In his book Christ in the Camp by J. William Jones, a chaplain in the Army of Northern Virginia, the good reverend relates the following story about Jackson.
Reverend Dr. William Brown, former editor of the Central Presbyterian, arrived in Jackson’s camp near Centerville in 1861. A friend of Brown remarked to him how the strain of battle seemed to have taken its toll on Jackson. He related how he had encountered Stonewall in the woods walking about aimlessly, speaking incoherently, and gesturing wildly with his arms. He could only conclude that Old Jack was crazy.
Later that night, Brown spent time with Jackson, and the subject of prayer came up. Jackson related the following, “I find it greatly helps me in fixing my mind and quickening my devotions to give articulate utterance to my prayers, and hence I am in the habit of going off into the woods, where I can be alone and speak audibly to myself the prayers I would pour out to my God. I was at first annoyed that I was compelled to keep my eyes open to avoid running against trees and stumps, but upon investigating the matter I do not find that the Scriptures require us to close our eyes in prayer, and the exercise has proven to be very delightful and profitable.”
On another occasion the subject of 1 Thessalonians 5:17 “pray without ceasing” came up in a discussion and how hard that command was to keep. To which Jackson insisted we could accustom ourselves to it, and it could easily be obeyed. “When we take our meals, there is the grace. When we take a drought of water, I always pause, as my palate receives the refreshment, to lift up my heart to God in thanks and prayer for the water of life. Whenever I drop a letter in the box at the post office, I send a petition along with it for God’s blessing on its mission and upon the person to whom it is sent. When I break the seal of a letter just received, I stop and pray to God that He may prepare me for its contents and make it a messenger of good. When I go to the classroom and wait for the arrangement of the cadets in their places, that is my time to intercede with God for them. And so for every other familiar act of the day.”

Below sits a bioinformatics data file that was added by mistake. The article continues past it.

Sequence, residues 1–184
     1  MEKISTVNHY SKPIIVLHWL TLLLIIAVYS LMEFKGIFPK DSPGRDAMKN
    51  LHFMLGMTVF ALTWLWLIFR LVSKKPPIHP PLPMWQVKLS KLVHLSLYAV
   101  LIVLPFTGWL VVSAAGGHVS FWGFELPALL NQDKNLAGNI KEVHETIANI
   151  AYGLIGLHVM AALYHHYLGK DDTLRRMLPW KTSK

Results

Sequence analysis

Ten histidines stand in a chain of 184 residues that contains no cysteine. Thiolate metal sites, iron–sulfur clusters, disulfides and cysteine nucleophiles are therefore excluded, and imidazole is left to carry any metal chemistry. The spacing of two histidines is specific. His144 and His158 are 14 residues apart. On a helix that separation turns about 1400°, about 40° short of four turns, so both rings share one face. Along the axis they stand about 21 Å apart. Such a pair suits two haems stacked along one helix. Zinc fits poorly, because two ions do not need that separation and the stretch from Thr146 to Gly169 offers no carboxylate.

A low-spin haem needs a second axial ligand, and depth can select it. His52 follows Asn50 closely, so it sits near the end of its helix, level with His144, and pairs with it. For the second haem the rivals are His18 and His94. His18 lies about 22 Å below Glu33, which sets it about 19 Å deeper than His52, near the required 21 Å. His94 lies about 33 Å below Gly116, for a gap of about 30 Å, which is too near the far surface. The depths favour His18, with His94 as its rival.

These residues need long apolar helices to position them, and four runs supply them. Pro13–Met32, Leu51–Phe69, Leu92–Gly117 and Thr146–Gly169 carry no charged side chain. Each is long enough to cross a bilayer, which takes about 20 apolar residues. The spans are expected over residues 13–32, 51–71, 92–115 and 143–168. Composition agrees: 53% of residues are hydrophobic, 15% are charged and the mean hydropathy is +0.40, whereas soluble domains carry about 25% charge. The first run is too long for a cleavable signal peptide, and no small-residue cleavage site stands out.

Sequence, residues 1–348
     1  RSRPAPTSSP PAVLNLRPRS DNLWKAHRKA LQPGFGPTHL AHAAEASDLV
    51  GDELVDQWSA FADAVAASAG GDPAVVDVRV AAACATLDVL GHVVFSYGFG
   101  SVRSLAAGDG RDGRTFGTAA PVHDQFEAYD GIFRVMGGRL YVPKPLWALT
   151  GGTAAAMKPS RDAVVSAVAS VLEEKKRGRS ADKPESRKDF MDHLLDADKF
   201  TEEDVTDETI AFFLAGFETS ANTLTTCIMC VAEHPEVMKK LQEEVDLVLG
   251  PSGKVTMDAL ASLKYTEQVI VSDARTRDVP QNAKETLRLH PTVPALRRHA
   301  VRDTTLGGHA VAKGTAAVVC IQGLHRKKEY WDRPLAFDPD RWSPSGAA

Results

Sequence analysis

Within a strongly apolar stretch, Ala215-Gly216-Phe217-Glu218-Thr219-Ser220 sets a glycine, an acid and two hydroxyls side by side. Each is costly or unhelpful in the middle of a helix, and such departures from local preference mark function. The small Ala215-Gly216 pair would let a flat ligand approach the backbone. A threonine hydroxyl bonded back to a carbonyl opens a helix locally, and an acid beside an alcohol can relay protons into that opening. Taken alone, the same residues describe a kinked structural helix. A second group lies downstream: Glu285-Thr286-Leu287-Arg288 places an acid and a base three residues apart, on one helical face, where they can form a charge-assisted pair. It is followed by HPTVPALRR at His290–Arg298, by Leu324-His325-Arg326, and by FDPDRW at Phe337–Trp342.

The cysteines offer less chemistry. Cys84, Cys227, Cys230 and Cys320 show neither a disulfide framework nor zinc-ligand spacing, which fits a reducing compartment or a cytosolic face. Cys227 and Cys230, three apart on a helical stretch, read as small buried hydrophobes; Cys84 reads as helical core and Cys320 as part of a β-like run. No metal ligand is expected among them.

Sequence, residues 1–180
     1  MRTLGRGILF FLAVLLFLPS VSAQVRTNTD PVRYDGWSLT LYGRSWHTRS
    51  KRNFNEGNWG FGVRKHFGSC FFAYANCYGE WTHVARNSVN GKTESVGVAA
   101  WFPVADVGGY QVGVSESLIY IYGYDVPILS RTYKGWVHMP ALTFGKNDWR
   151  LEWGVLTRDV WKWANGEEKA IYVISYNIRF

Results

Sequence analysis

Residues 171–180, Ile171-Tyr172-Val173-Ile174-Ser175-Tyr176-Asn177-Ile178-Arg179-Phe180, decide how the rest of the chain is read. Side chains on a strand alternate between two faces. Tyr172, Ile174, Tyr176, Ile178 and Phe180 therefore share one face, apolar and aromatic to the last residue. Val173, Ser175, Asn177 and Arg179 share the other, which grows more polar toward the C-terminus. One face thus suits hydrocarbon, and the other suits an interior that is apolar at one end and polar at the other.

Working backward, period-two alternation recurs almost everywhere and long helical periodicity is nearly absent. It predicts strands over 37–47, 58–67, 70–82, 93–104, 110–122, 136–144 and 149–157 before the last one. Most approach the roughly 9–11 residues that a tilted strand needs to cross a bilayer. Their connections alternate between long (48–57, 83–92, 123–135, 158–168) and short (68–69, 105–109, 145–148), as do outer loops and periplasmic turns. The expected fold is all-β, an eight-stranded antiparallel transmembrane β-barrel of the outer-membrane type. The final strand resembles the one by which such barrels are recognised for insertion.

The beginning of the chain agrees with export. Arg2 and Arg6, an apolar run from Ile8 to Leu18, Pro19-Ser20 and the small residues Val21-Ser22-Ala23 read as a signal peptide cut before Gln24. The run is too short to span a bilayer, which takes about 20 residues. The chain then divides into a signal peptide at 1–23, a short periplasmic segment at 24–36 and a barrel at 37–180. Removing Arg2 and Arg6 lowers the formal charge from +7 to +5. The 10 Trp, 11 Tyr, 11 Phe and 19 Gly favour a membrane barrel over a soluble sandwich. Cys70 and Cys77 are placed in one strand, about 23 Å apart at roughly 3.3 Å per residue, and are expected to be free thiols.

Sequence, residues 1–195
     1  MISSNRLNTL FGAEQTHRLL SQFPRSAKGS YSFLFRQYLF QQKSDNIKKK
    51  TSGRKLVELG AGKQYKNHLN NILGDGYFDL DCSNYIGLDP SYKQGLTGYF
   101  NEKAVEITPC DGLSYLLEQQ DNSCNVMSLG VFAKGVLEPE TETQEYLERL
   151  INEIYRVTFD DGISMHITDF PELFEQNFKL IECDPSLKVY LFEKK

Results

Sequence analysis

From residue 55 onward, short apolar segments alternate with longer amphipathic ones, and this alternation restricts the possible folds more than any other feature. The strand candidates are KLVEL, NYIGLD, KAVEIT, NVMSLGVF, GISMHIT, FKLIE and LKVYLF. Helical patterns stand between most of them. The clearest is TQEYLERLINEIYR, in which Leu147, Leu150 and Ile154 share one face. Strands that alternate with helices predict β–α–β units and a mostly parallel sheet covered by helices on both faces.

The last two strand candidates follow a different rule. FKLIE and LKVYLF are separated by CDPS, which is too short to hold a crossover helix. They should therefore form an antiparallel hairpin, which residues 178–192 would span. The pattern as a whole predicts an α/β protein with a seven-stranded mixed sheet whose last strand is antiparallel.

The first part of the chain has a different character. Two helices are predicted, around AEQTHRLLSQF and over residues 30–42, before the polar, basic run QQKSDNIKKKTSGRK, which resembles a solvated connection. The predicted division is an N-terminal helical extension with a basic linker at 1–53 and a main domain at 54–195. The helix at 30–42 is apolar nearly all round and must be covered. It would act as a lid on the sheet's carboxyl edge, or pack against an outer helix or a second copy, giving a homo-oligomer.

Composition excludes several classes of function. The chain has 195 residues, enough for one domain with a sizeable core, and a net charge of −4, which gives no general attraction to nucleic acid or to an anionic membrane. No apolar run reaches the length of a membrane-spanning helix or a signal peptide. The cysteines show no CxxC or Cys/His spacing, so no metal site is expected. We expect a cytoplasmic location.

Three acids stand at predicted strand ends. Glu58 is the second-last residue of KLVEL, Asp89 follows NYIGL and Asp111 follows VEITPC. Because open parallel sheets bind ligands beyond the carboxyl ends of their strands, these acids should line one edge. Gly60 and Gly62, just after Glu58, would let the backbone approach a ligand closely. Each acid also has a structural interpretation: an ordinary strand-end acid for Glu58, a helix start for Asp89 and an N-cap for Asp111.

His friend asked if he did not sometimes forget these occasions? He replied, “No. I have made the practice habitual to me and can no more forget than forget to drink when thirsty. The habit has become as delightful as regular.”
There is no question that Thomas J. “Stonewall” Jackson was a man of faith and a powerful prayer warrior as well as a gifted military tactician. His successes on the battlefield are famous and studied even today at West Point.
Thomas Jackson was killed at the very height of his military career. Just as he was experiencing the success of his famous flanking move on the Union army at Chancellorsville, he was accidently shot by his own men and lost his left arm as a result. Of his wounding Robert E. Lee wrote, “You have lost your left arm; I have lost my right arm.” Seeming to recover at first, Jackson died of pneumonia a few days later with his wife at his bedside. Often delirious, in the end he uttered these words, “Order A.P. Hill to prepare for action! Pass the infantry to the front rapidly! Tell Major Hawks…” Then he paused. A smile slowly spread over his face, and he said quietly with an expression of relief, “Let us cross over the river and rest in the shade of the trees.” Then without pain or struggle, his spirit passed from Earth to God who gave it.